The other one was trickier, messier.
Catherine kept her gaze on the beige carpet under her feet. Pressing the ball of her foot into the plush rug prompted a memory of Josephine and her ban on popsicles.
Coins from the glass jar in the pantry, counted out in front of girls driven nearly demented by the plinking music of the ice cream truck.
“Now you be careful in the street, my babies, and eat your treat on the stoop. I best never catch you with them colored icies in here. You keep your messy business outside my house.”
Looking back, it wasn’t a singular experience or one-time admonishment from Jo. How often had Catherine visited during her mother’s sickness? How regularly after she died? Enough for Josephine to get over her fear of upsetting a half-orphan child and consider her one of her own.
Catherine loved her for that.
Lost in reveries, she didn’t notice the man head for the flashing machine before it was too late.
“Cathy, it’s Elliot. I’ve been working on your problem and have everything planned. I know the perfect place to get you some sun and I’m not taking ‘no’ for an answer. You need me, you said it yourself. I’ll pick you both up tomorrow morning—”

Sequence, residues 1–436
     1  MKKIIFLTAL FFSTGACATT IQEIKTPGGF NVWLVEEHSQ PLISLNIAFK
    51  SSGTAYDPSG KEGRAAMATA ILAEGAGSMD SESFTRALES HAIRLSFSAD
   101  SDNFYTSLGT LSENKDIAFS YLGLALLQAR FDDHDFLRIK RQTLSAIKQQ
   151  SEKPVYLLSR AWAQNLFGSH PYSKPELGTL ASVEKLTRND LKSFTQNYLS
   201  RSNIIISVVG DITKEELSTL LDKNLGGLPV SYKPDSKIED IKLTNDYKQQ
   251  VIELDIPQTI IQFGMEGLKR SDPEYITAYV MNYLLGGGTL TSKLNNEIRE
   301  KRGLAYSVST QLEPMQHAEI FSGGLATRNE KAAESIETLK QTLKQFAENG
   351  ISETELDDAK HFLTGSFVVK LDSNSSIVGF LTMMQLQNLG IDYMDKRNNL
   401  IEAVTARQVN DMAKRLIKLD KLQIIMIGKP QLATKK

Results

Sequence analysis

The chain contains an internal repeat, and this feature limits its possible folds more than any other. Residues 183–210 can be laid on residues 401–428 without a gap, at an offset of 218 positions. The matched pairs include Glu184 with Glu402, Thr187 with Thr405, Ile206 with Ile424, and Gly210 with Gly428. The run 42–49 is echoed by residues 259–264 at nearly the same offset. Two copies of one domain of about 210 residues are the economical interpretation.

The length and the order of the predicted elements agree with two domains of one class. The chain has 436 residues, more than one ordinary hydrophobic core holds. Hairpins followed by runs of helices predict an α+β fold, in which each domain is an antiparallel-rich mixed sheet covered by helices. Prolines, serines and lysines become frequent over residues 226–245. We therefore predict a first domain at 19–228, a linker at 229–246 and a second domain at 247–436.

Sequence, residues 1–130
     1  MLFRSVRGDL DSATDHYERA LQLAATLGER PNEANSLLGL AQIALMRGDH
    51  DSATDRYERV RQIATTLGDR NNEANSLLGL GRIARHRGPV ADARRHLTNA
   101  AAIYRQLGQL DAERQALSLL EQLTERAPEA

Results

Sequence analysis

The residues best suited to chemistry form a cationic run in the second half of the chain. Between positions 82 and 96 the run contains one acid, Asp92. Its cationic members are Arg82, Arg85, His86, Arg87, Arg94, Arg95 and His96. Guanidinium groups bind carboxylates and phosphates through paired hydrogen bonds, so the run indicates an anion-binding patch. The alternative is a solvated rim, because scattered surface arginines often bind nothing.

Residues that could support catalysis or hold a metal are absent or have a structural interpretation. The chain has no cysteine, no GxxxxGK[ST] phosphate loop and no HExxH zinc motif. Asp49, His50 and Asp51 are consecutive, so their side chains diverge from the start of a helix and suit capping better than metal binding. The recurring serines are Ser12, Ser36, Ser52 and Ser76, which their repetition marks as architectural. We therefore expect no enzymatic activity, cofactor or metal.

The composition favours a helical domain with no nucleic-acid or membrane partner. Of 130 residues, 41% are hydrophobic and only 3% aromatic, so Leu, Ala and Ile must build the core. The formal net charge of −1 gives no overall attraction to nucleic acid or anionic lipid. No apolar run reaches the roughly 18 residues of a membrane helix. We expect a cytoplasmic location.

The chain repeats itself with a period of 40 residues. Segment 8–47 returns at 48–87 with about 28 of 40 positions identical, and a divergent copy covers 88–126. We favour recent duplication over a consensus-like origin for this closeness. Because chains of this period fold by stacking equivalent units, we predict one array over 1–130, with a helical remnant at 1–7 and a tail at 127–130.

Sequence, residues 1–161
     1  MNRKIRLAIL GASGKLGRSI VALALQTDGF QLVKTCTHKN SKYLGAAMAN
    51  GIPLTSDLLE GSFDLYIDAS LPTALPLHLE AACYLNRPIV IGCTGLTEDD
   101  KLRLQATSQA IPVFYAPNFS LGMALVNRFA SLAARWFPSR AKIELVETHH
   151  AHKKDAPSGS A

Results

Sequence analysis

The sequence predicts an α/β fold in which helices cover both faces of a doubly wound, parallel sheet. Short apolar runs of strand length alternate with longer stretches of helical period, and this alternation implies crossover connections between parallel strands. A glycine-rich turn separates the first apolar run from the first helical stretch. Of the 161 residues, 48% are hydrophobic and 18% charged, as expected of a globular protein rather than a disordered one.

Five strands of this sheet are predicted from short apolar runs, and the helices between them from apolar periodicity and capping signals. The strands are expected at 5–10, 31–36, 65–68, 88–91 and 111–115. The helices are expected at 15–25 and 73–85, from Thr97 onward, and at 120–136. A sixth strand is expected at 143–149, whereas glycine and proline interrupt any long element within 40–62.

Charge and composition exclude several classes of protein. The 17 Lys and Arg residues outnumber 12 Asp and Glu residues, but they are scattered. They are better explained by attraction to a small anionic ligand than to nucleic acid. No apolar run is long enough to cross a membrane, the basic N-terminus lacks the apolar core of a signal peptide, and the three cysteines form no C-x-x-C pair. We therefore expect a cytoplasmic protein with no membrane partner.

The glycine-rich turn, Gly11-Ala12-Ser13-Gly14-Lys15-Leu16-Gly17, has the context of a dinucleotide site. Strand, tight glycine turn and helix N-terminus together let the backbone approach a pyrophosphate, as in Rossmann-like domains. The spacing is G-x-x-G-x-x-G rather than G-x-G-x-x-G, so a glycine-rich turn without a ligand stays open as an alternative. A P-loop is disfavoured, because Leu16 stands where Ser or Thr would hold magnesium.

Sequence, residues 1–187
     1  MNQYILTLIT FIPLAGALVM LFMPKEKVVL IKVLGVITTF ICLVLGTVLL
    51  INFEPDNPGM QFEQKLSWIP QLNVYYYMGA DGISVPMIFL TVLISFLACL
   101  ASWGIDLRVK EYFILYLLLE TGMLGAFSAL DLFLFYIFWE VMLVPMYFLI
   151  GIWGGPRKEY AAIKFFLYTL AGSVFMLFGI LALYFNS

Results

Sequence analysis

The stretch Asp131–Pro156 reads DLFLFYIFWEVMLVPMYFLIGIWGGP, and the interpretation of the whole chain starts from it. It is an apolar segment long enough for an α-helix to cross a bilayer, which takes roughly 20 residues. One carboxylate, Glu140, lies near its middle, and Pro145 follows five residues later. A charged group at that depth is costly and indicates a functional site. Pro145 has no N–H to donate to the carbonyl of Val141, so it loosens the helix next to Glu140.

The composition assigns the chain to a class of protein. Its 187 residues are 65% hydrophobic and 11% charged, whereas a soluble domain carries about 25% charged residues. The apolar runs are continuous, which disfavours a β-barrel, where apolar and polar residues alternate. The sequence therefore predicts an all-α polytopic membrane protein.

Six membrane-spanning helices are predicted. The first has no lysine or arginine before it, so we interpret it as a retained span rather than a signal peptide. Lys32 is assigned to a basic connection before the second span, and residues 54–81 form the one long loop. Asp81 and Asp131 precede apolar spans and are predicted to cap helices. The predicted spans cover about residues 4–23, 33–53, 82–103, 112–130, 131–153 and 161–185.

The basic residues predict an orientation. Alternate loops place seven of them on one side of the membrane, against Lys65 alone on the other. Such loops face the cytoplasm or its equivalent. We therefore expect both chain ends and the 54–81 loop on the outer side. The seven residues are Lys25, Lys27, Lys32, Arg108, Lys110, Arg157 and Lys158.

Catherine pushed off the sofa, walked to the desk, and pressed the button to end the message.
The damage, however, was done.
“Cathy, what does he mean?”
Elliot—the rich man, the shifter, the grifter…
“It’s just Elliot being Elliot, doing exactly what I asked him not to.”
She ordered him not to contact her, but she knew he would. Somewhere between Dunn bringing him up in the interrogation, meeting with him at his office, and getting the call, she’d started to count on it.
In return for her truncated explanation, she got a quizzical arch of the eyebrow, as the doctor silently waited for more.
“He’s trying to have his cake and eat it,” she continued in a low huff. “He wants to win.”
He always did. And all I have to do is surrender to his judgment.